It's hard for me to go against what the suggested info says in the reloading manuals . I have heard and seen lots of experiments on use of primers which sounded pretty solid but think will stick with the manual says . Right now I got enough primers but if or when the time comes I run out of a certain size will probably just do with out . Guess that is when I dig that primer making kit out I bought awhile back . Hey Willie anymore practice done your way ?????
 

·
Registered
Joined
·
328 Posts
I have wondered, if the companies only label the primers differently to get us to buy more?

I need SPP primers.
Pick-up 1000
Hmm, I need to load some .357M, too. I best get 1000 SPM.
I wonder where I am on SR, store stock is low, I will go ahead and get 1000. I mean, it's not like I won't use them.

vs

I need primers
Pick up 1000 Large and 1000 Small.
Done.
 

·
Premium Member
Joined
·
10,148 Posts
I used to rep a factory that manufactured electrical receptacles (like in your walls) amongst other things. They had four different grades ranging from residential all the way to hospital grade and guess what? Other than the packaging and the green dot on the hospital grade they were all made of the exact same components, no difference in quality. It was all due to the cost of manufacturing and it was just cheaper to make the most expensive grade only as opposed to the cost of inventorying different components and the time spent setting up the machines. I would guess primers are probably in the same boat.
 

·
Super Moderator
Joined
·
40,859 Posts
I used to rep a factory that manufactured electrical receptacles (like in your walls) amongst other things. They had four different grades ranging from residential all the way to hospital grade and guess what? Other than the packaging and the green dot on the hospital grade they were all made of the exact same components, no difference in quality. It was all due to the cost of manufacturing and it was just cheaper to make the most expensive grade only as opposed to the cost of inventorying different components and the time spent setting up the machines. I would guess primers are probably in the same boat.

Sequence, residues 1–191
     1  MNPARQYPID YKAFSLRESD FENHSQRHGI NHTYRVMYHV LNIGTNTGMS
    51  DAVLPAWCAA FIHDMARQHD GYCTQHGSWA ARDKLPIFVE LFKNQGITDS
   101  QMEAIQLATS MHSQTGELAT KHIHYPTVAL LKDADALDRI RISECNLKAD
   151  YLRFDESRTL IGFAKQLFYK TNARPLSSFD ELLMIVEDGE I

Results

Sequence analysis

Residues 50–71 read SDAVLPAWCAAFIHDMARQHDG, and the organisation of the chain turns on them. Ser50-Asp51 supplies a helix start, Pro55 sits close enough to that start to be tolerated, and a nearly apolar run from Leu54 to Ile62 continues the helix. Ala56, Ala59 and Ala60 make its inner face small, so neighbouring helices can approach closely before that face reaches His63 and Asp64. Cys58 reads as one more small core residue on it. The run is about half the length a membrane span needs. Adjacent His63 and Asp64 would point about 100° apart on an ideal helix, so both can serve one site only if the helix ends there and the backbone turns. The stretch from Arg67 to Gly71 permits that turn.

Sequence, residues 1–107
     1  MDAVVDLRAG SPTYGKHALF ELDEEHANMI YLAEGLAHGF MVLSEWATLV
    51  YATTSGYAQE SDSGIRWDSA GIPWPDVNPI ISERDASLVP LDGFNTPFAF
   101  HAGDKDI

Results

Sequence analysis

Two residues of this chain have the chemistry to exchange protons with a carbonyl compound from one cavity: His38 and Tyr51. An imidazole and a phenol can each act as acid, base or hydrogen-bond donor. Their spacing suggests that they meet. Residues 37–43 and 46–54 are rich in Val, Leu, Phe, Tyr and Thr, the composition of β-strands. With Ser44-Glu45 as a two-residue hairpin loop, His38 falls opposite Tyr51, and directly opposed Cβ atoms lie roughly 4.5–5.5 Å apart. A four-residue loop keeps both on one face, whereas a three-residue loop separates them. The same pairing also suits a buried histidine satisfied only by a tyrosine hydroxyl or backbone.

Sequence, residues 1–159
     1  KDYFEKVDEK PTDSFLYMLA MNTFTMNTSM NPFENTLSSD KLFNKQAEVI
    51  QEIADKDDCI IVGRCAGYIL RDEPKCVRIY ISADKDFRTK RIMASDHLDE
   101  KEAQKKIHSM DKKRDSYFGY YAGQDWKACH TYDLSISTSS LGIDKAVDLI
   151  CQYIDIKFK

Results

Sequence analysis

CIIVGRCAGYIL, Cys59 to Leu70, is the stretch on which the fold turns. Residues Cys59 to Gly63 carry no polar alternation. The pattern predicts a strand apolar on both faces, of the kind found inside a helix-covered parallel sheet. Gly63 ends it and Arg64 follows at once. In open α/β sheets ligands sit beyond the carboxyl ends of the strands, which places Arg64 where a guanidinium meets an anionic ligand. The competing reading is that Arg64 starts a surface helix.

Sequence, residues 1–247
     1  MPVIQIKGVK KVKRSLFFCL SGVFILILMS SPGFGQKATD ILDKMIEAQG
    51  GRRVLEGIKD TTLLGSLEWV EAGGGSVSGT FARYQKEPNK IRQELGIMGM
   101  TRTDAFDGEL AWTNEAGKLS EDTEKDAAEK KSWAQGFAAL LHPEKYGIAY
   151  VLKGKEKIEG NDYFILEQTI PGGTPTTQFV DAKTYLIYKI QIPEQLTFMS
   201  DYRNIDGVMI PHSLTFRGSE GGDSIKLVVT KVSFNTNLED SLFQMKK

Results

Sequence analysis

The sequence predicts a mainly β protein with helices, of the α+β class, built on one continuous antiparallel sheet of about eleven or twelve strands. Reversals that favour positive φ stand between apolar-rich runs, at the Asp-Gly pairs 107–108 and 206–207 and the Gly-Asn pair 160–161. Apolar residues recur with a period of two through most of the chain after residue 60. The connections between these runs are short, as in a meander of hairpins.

Your post reminds me of when I was a young man, working part time as a service station (back when they actually provided service). Remember the 1156 and 1157 light bulbs for cars? We would sell (and install) either bulb in your car. If you drove, lets say, a chevy impala, the bulb cost was something like $.50, if you drove a caddy, the bulb was something like $1.00, and if you drove a BMW or other high dollar car the bulb was something like $1.50. Same bulb but different price according to your car.
 

·
Registered
Joined
·
328 Posts
Back in '78, I worked with a woman that drove a Cadillac. Her starter went out and dealer told $450 to replace it.
I told her I would it in for a case of beer.
She started calling parts stores, to get a starter. It was $90. I told her to tell them starter for a 1976 454. She says they are asking what vehicle?
I say, " '76 GMC pick-up "

$38 and 20 minutes later, job is complete.

She traded the Caddy, month later.
 

·
GUNZILLA
Joined
·
6,813 Posts
According to Sierra Manual switching the primers around can randomly lead to serious pressure problems.
 
21 - 36 of 36 Posts
Top